://FRESH - FACE-TO-FACE ON INTERFACING
In North America, one cannot watch television or ride a bus without seeing dotcom ads. For all the commercial hype over these sites, an actual visit proves that all too often they are of disappointing design. In the mad rush to service the on-line masses, new sites have benchmarked the likes of Amazon.com as the path to success. As a result, few stray from formulaic layout and navigation methods, creating a sea of cookie-cutter blandness. This perceived need to sacrifice creativity is one of the factors that define the current crop of websites. Limitations of the web as a medium is another, the lack of content a third.
To gain a better
perspective on this topic, we asked six designers Rei Inamoto of R/GA ,
John Warwicker of Tomato Interactive, Matt Griffin of Deepend, Stuart
Sharpe, Tom Nicholson of Icon-Nicholson and Peter Spreenberg of MOVE
Design "to participate in some navel gazing ..."
As with the processes of most other industries, the design of a web interface is dependent upon three standard components: the product, the target audience and available technology. It is the complex interaction of these components and the upcoming trends in the industry that will dictate the future of interface design.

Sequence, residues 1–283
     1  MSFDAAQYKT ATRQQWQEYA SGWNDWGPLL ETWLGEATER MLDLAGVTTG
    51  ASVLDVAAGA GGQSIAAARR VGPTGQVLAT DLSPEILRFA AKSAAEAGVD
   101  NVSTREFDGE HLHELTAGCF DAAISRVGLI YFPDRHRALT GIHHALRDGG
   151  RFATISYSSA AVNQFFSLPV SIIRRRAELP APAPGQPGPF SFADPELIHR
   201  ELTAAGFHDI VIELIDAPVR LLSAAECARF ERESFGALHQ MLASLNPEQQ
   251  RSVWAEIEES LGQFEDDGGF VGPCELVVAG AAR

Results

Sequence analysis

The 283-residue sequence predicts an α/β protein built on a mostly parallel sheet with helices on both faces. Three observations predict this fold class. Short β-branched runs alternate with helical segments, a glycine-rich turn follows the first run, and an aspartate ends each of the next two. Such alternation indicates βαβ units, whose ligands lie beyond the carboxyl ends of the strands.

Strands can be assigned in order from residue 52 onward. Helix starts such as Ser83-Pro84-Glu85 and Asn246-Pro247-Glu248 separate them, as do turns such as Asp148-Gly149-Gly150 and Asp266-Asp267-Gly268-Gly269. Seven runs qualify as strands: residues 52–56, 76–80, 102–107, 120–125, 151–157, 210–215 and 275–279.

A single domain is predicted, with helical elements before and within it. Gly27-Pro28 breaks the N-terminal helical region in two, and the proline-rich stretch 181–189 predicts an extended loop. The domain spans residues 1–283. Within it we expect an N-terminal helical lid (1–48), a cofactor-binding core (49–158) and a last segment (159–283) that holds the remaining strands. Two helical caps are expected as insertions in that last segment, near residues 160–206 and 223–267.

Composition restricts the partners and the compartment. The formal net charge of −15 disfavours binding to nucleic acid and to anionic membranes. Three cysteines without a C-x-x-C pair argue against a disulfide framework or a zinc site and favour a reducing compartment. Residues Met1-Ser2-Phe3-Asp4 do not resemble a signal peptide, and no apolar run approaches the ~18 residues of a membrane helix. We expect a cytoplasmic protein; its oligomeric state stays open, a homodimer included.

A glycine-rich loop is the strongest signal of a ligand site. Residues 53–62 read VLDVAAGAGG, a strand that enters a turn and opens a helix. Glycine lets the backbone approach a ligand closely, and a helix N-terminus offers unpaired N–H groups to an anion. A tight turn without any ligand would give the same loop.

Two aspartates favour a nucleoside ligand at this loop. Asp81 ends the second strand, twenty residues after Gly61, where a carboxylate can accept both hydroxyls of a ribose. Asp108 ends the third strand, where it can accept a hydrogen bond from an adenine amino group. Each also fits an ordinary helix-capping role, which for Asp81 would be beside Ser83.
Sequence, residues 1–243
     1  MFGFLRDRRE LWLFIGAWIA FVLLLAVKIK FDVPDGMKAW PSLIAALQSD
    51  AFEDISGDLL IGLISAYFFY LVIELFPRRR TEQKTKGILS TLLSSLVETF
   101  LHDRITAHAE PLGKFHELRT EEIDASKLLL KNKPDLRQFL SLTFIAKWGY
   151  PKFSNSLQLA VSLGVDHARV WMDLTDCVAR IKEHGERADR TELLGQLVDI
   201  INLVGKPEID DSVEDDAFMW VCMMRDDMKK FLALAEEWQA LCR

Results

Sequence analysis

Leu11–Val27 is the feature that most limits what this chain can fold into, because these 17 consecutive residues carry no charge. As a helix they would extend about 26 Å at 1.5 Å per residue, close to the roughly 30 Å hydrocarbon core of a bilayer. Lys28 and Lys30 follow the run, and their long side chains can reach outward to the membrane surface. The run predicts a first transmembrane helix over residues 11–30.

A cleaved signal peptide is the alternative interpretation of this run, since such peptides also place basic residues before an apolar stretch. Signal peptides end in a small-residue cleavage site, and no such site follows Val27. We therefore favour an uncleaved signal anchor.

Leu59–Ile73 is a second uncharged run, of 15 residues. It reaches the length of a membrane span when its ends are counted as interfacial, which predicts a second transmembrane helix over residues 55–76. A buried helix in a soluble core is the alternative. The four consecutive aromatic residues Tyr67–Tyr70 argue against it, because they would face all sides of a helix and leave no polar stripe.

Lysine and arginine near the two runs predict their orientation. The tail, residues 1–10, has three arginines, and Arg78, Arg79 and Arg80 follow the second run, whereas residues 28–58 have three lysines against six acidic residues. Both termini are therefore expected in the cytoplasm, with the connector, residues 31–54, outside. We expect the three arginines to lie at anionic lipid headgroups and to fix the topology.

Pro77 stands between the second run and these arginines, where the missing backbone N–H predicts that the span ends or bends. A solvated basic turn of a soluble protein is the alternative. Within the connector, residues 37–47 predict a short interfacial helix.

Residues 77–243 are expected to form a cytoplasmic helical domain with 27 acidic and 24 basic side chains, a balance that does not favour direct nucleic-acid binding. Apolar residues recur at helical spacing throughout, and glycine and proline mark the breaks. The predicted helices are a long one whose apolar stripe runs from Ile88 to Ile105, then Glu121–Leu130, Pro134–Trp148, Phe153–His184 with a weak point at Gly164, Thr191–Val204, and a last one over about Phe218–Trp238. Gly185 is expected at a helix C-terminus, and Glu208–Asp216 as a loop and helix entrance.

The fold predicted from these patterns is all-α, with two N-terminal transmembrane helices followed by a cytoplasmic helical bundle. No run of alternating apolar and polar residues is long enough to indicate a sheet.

With its rapid spread across geographic, political and social boundaries, the web promises to be a significant force for change in the future. The consequence of this expansion is an exponential growth in new users going on-line as their communities become exposed and the inevitable meeting of those cultures and the culture of the web. It is through this expansion that the web has the potential to create what Warwicker calls a "greater parity between nations".
One obstacle to this is the web's West-centric development. In the past, the Western Hemisphere, particularly the United States, has been able to dictate the global development of many key industries including technology. Being the creators and the leaders in its development, these nations have also set the standards and precedents that shape the web today.
While it is necessary for these new cultures to adopt certain standards where practical, it is important that they remain distinct, for it is through a celebration of the heritage of each culture that assimilation and culture death can be prevented. One only has to look at the web's profound influence on the societies of industrialized nations to realize that this is more than just an issue of on-line presence. By submitting to the established norms that exist on the web, local identities have to be sacrificed to sustain the globalization of Western values.
The web that exists today is the product of a predominantly Western development and fits within that particular historic and cultural context. Similarly, the web that evolves from the relationship with a new culture should be representative of that particular culture. It is these relationships the reciprocal transfer of information between the web and disparate cultures - that will contribute to the creation and development of a truly international culture.